Ripening Creativity

“You know that I write slowly. This is chiefly because I am never satisfied until I have said as much as possible in a few words, and writing briefly takes far more time than writing at length.”    Johann Carl Friedrich Gauss

How true! Today, April 30, is Johann’s birthday. Known as ‘The Prince of Mathematics,” Johann was a child prodigy and went on to make major contributions to mathematics, geophysics and mechanics. He was born in 1777 to an illiterate mother. She never recorded his date of birth and one of his first discoveries as a child was working out the day he was born after being told it was on a Wednesday eight days before the Feast of the Ascension.

A child prodigy, he could add up all the numbers from one to 100 by the age of eight and made his first mathematical discoveries as a teenager. He completed his magnum opus, Disquisitiones Arithmeticae, at the age of 21 but it was not published until 1801.

Intrigued by a Google doodle, I decided to find out more about Johann. He did not disappoint: He had a far-ranging mind, a love of learning, and a every enlightened attitude toward women! He also had a poetic turn of phrase and  created his own personal motto (I love this – think I need one!): “Few, but ripe.” His second motto, borrowed from Shakespeare lurks below:

“It is not knowledge, but the act of learning, not possession but the act of getting there, which grants the greatest enjoyment.”

“Life stands before me like an eternal spring with new and brilliant clothes.”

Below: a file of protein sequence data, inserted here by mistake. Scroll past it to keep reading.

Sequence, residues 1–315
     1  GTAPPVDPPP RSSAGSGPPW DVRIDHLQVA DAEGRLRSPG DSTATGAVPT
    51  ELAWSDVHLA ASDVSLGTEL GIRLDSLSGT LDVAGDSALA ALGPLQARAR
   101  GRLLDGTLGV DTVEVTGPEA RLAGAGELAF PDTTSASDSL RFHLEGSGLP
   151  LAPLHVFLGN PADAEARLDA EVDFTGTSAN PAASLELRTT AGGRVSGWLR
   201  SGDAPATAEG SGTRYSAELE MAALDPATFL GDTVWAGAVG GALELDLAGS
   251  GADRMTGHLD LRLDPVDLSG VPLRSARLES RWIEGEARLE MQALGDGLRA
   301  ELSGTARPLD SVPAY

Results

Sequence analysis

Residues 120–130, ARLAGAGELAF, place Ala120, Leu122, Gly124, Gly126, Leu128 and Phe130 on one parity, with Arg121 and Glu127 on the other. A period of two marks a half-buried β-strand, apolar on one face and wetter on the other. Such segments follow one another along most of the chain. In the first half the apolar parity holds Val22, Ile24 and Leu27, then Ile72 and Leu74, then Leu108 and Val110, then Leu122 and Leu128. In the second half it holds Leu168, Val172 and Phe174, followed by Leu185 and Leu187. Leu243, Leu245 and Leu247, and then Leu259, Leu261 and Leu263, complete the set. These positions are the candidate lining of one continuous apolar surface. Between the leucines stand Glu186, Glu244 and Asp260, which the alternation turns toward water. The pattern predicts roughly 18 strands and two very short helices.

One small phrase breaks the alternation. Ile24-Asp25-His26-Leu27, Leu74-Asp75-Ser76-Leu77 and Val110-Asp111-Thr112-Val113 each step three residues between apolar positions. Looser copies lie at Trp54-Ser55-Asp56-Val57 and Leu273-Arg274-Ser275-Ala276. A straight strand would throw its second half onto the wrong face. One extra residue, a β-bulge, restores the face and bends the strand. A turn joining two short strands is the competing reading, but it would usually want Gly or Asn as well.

“You have no idea how much poetry there is in the calculation of a table of logarithms!”

“If others would but reflect on mathematical truths as deeply and continuously as I have, they would make my discoveries.”

“The enchanting charms of this sublime science reveal [themselves] only to those who have the courage to go deeply into it.”

“When I have exhausted and clarified a subject, then I turn away from it in order to go into darkness again.“

[On Sophie Germain]: “When a person of the sex which, according to our customs and prejudices, must encounter infinitely more difficulties than men … succeeds nevertheless in surmounting these obstacles and penetrates the most obscure parts of [number theory], then without doubt she must have the noblest courage, quite extraordinary talents and superior genius.”

“Thou, nature, art my goddess; to thy laws my services are bound…” {His second motto, from King Lear)

Inspired and energized by this creative, poetic man of math, let’s all write on!

About karinwritesdangerously

I am a writer and this is a motivational blog designed to help both writers and aspiring writers to push to the next level. Key themes are peak performance, passion, overcoming writing roadblocks, juicing up your creativity, and the joys of writing.
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